Dr. Alex Hills Introduces His New Book on the Roots of Wi-Fi

September 26, 2011

Wireless Internet consumes our world today--making things like connecting to Blackboard in the classroom and downloading books on The Cut possible. But how did it get its start? A little more than a decade and a half ago, the world's first Wi-Fi campus network, Wireless Andrew, was created right here at the INI at Carnegie Mellon University. Today, the INI's founding director and leader of the Wireless Andrew initiative, Dr. Alex Hills tells the story of Wi-Fi through his book Wi-Fi and the Bad Boys of Radio.

In 1993, only five years after its creation, the INI had secured a strong educational backbone, but at Carnegie Mellon the desire for research is always present. An idea was originally conceived to cover a small area of campus, a few floors in Wean Hall and Porter Hall, in a wireless test-bed to facilitate research. At the time, it was impossible to foresee that this project would be at the dawn of Wi-Fi networks.

"We were concerned about over-loading the network in the beginning, so only authorized people were given access," Dr. Hills says. "But due to the capabilities of CMU students, they quickly broke that system!"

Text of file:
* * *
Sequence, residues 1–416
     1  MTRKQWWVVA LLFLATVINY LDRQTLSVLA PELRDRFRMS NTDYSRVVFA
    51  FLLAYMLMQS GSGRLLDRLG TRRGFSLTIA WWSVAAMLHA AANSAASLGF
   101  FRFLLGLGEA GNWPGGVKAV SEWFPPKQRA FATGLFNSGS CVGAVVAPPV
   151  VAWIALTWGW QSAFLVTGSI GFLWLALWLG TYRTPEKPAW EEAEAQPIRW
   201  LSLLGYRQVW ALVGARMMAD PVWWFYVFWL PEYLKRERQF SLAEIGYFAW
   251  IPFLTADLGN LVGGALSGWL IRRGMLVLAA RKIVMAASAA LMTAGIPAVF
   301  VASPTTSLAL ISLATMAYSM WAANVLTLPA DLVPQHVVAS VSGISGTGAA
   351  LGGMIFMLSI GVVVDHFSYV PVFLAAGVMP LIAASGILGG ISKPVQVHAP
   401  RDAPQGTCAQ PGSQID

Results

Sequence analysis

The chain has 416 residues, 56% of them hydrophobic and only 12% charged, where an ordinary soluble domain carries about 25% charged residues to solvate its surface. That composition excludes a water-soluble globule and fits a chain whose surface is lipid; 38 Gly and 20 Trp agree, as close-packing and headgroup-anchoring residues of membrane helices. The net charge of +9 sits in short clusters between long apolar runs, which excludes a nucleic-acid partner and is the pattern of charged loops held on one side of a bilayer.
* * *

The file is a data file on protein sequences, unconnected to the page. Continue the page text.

This was Dr. Hills' first clue. By around 1995-1996, the possibilities for this new wireless network began to surface, as the word spread and interest grew extremely high. By 2000, Dr. Hills and his team had extended Wireless Andrew to cover CMU's entire campus.

Wi-Fi and the Bad Boys of Radio tells the story of this technology and how true innovation really works. The book explains the process of inventing this Wi-Fi network while interjecting personal stories and humorous accounts. It was not written for an audience of engineers or techies--anyone with an interest can enjoy this reading just as much.

"The most enjoyable part for me while writing this was reconnecting with colleagues during my fact-checking," Dr. Hills states. "I wanted to tell the story of the people involved as well."

The people who had a hand in Wireless Andrew's beginning were spread out to all corners of Carnegie Mellon, bringing true meaning to the term multidisciplinary. Experts in the fields of electrical and computer engineering, computer science, business, social science and many more contributed to ensure the network's success.

"CMU's environment is one that is very open to innovation," Dr. Hills says. "Which is exactly what was needed for Wireless Andrew."

For more information on Wi-Fi and the Bad Boys of Radio, go to

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